The Lantern Bearers The Lantern Bearers by Rosemary Sutcliff
reviewed by Victoria Strauss
Novelist and Guest Reviewer Victoria Strauss felt it is a wonderful book. Sutcliff's style, pacing, and characterization are head and shoulders above much of what passes for young adult fiction these days.

Quest for a Maid Quest for a Maid by Frances Mary Hendry
reviewed by Margo MacDonald
Inspired by historical fact, this is a fictional account of a young Scottish girl who gets caught up in the events following the death of King Alexander III. The most striking thing about the story is the heroine who is so full of spirit.


Star Trek, The Next Generation: The Continuing Mission Star Trek, The Next Generation: The Continuing Mission by Judith and Garfield Reeves-Stevens
reviewed by Wayne MacLaurin
A lush coffee table-sized tome packed with photos, drawings and sketches covering the entire series from pre-production to the movies and beyond, this book guides the reader through the chapters (seasons) of the series and provide an interesting glimpse into what went on behind the scenes.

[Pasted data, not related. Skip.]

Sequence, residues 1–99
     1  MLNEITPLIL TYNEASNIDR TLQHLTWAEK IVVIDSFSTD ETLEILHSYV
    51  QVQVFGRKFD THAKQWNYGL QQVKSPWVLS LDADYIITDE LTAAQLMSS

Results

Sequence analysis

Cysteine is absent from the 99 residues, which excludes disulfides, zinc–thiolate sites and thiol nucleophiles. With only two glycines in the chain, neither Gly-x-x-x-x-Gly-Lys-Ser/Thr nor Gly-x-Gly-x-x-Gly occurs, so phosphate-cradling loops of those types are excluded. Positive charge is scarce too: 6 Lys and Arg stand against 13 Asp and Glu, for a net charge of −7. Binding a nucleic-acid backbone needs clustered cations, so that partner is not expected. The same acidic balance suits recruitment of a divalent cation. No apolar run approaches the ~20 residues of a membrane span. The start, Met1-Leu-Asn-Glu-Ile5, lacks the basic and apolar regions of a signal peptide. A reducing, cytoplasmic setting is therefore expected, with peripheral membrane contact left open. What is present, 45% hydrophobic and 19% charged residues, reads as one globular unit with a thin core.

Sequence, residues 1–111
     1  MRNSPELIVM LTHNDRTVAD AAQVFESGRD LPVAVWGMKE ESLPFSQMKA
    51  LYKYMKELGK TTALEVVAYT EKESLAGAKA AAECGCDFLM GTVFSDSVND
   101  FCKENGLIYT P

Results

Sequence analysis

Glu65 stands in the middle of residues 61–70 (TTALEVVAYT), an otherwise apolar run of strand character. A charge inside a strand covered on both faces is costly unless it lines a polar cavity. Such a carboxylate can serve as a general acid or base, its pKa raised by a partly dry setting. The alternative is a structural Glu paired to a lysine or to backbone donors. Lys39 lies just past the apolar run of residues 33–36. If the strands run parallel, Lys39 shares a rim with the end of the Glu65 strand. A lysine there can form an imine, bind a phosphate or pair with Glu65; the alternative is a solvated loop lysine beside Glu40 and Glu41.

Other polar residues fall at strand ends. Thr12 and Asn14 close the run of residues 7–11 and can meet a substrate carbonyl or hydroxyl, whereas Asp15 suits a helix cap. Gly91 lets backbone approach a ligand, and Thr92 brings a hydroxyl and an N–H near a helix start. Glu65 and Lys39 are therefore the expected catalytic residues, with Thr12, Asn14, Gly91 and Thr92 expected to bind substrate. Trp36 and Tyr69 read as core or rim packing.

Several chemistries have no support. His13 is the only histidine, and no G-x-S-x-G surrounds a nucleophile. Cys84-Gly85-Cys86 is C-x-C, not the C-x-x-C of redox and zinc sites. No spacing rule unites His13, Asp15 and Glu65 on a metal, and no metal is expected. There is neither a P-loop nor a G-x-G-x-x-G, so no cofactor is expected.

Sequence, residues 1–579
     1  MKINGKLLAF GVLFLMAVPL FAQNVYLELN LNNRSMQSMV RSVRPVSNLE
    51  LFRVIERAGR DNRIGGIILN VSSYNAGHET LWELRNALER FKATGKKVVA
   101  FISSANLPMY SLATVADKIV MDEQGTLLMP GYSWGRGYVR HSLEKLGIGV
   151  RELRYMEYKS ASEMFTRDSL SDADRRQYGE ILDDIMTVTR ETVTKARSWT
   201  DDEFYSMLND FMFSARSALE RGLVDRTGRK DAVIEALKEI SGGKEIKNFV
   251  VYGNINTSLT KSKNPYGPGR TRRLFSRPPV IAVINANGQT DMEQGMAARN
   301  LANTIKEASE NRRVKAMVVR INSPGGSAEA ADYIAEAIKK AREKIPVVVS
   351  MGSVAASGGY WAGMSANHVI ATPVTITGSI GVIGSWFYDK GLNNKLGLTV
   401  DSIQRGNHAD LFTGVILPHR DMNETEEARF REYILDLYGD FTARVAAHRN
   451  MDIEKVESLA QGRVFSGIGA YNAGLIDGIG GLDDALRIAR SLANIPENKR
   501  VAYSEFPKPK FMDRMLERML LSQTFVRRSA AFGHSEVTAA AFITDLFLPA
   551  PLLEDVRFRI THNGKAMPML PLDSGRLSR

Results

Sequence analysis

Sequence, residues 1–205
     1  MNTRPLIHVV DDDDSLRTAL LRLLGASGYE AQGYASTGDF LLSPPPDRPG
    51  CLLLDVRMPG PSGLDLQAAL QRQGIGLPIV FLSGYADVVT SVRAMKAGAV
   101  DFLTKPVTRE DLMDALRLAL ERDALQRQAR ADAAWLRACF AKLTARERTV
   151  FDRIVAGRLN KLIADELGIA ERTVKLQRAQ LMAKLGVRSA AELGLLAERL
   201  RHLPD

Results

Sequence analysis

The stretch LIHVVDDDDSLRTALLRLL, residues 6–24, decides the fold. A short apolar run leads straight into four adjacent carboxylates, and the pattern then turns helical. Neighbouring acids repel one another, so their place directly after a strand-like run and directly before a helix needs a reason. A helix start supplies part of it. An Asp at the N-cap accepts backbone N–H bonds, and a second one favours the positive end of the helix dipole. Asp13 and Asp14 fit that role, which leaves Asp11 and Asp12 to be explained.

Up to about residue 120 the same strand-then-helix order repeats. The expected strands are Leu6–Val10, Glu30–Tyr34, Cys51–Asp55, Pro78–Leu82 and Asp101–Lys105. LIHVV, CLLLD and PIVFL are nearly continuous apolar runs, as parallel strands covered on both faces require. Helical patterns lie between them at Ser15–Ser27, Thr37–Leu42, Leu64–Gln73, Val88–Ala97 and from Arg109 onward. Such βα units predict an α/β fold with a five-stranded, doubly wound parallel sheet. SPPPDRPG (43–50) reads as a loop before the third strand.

The World of Robert Jordan's The Wheel of Time The World of Robert Jordan's The Wheel of Time by Robert Jordan & Teresa Patterson
reviewed by Jim Seidman
Despite some sub-standard art, this book is one that every diehard Jordan fan will want to have. While owning this book is certainly not necessary to enjoy Jordan's books, it provides wonderful insight into the past and the present of the denizens of The Wheel of Time.